The Angels and Dodgers also went all-in and signed some high-profile players but are underachieving big time so far. And not even switching leagues can help the lowly Astros. They are on pace for just 40 wins!
Is there a chance Miguel Cabrera could win back-to-back triple crowns? He’s leading in RBI, second in batting average and currently four home runs off the pace in the American League.
If the playoffs began today, the qualifiers in the American League would be the New York Yankees, Detroit Tigers, Texas Rangers, Baltimore Orioles and Boston Red Sox. Looks like all the usual suspects here. In the National League it would be the Atlanta Braves, St. Louis Cardinals, San Francisco Giants, Cincinnati Reds and the Washington Nationals. No surprises here either. But with about 120 games to go only two teams are more than 10 games off the wild card pace so anything can happen.
Unless of course we’re talking about the Cubs. Anybody think they will break the curse this season? Me either. But one streak that should be coming to an end is in Pittsburgh. They may or may not get to the playoffs but the Pirates should be able to finish over .500 for the first time since 1992.
It’s no surprise that Miguel Cabrera is the best player in fantasy baseball so far but I didn’t even know who Matt Harvey or Jean Segura are before this year and they are the second and third best in fantasy.
Speaking of fantasy baseball, if any of you know B.J. Upton or David Price please let them know I could use some production for my team. Thanks.
February 1, 2013
For the first time in a while, the Detroit Red Wings have some significant questions to answer. With the retirement of 7- time Norris Trophy winner and former captain Nicklas Lidstrom, and the trade of Brad Stuart, the biggest void is definitely on defense. The screens and deflections of Tomas Holmstrom will also be missed. The other major problem is that the Wings have a lot of streaky players on their roster, and with a shortened season that can’t happen. The impact of those 3 players on the Wings’ special teams is something that can’t be replaced over night.
I’m not saying it’s going to be easy to make the postseason, but it’s far from a long shot. Here are 3 keys for the Wings that will help them overcome all of these obstacles:
Bottom line, the Wings will make the playoffs again if these 3 things happen. By committee, the Wings have a great offense with some young, fresh legs. It’s extremely important we use them to help Datsyuk, Zetterberg and veteran Todd Bertuzzi. With the amount of parity in the NHL today, we can’t win without a penalty kill and a power play. Jimmy Howard needs help. Our defense is very fragile, and not nearly as talented as past seasons. If Gustavsson fails, Joey MacDonald or Thomas McCollum must be ready.
November 16, 2012
When Dave Dombrowski and Mike Illitch went out and got Prince Fielder, the expectations for the Tigers were nothing less than winning a World Series Championship. They were picked to win the AL Central by 8 to 10 games. They ended up winning the division by just 3 games. Now, with the signing of former Los Angeles Angels outfielder Torii Hunter, is it fair to say the Tigers will win the division by 16 to 20 games? Probably not; But anything less than a second straight trip to the World Series will be considered a blunder.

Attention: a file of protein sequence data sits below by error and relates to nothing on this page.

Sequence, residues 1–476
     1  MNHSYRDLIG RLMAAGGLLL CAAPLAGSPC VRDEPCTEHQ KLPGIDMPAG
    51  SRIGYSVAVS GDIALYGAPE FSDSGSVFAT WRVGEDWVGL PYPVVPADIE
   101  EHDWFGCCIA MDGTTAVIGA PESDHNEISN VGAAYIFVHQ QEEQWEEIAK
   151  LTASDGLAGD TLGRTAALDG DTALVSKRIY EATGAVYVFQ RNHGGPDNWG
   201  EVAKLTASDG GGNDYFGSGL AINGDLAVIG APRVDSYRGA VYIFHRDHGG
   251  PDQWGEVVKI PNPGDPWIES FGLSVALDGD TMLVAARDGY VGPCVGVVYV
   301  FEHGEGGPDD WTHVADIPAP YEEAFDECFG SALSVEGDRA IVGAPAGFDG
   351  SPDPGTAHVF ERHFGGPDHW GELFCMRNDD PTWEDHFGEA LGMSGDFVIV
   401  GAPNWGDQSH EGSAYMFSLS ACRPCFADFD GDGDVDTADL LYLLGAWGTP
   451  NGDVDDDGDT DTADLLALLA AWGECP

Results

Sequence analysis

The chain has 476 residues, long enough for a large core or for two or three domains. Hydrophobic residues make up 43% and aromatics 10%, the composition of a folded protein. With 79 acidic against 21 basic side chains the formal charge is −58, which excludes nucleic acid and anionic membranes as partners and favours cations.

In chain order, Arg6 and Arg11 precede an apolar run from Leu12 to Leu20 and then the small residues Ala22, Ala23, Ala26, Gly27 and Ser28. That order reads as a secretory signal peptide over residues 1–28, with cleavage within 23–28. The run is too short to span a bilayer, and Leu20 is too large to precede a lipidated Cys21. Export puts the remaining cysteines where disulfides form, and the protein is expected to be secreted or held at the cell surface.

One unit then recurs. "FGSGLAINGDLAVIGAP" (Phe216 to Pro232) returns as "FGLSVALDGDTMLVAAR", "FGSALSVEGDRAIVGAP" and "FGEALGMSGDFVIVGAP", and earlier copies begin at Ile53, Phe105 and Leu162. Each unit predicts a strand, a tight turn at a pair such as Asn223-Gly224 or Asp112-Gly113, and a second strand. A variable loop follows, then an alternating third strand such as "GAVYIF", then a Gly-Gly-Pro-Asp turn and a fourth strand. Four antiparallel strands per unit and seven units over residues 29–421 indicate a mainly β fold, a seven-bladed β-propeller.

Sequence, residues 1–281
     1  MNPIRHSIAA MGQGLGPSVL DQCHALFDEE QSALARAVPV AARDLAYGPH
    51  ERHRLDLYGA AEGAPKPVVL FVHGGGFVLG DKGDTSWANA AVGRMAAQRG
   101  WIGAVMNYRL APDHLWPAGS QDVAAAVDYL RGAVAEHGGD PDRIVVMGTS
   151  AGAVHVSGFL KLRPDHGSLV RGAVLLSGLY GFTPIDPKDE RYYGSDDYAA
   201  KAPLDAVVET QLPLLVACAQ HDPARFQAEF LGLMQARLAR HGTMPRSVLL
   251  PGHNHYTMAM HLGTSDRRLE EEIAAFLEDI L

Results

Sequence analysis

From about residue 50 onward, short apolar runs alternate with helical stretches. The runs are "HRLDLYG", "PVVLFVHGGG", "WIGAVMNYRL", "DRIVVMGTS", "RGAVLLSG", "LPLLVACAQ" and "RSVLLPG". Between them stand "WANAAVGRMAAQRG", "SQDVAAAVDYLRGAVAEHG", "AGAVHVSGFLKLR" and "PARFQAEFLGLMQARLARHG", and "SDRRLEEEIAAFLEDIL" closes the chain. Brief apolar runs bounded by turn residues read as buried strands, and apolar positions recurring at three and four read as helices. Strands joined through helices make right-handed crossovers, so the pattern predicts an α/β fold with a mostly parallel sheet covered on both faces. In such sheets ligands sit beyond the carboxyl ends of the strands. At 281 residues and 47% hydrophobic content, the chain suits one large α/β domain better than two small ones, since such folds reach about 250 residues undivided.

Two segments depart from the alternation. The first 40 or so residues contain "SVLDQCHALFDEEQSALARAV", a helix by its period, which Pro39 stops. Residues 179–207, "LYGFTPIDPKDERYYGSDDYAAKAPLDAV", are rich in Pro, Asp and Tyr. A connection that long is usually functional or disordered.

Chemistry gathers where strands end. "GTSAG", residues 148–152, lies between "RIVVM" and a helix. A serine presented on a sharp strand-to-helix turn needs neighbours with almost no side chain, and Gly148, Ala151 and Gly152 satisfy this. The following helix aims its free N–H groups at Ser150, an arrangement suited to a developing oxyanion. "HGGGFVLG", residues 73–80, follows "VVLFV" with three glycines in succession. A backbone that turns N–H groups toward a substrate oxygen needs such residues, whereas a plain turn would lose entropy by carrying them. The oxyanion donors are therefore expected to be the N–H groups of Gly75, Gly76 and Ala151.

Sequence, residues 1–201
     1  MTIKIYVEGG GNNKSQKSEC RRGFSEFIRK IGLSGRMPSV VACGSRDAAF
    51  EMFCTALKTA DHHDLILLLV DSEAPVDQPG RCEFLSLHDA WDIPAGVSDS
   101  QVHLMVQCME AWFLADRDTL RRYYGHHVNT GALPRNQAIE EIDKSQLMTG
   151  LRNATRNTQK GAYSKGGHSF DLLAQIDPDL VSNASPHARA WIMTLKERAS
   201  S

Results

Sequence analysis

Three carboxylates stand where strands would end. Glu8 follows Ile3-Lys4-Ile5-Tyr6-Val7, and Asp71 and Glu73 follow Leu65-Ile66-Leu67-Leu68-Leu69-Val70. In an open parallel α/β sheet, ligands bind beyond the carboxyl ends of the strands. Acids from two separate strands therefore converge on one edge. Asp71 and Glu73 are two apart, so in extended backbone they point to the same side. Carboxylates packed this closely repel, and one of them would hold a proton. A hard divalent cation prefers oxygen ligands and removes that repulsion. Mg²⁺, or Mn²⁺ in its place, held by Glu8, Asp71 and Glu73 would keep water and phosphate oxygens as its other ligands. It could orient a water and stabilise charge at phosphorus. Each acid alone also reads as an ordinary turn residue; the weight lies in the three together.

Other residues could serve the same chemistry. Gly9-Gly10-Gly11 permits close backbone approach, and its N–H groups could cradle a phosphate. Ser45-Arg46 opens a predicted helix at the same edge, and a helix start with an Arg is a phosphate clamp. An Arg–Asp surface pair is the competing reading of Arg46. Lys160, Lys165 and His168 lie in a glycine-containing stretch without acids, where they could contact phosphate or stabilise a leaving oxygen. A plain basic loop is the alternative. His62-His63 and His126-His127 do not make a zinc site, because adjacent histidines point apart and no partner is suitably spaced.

With that, here are 5 things the signing of Torii Hunter does for the Tigers:
1. Better Hitting
In the outfield, the majority of the Tigers’ hitting came from Austin Jackson. Right field was a weakness all season, where the batting average was just .235.
2. More Experience
Brennan Boesch has only played 2 seasons in the majors, while Andy Dirks was a rookie last season. The Tigers can now ease them into the majors as a platoon while letting Hunter mentor them for the next two season.
3. Number 2 Man
Hunter will cement the number 2 spot in the batting order. He will be more consistent than Quintin Berry and Omar Infante. Another consistent hitter ahead of the Tigers’ 3-4 hitter will only make Miguel Cabrera and Prince Fielder harder to handle.
4. Better Defense
Hunter was a Gold Glove outfielder in 2009. Couple that with the inconsistent play of corner outfielders last season, and Hunter will easily improve Detroit’s defense. There is a lot of ground to cover at Comerica Park, and the combination of Hunter and Jackson will give the Tigers’ pitchers an advantage at home.
With all the ups and downs last season, hopefully somebody like Hunter can bring some guidance to make the team more consistent night in and night out.
The addition of Torii Hunter was a great move. The Tigers were not consistent in the regular season and as a result, they had to make a late rally to catch the White Sox. This addition should fix that issue and make the Tigers a more dominant force. My early-early prediction is that the Tigers will win the division by 7 games, and make it back to the World Series.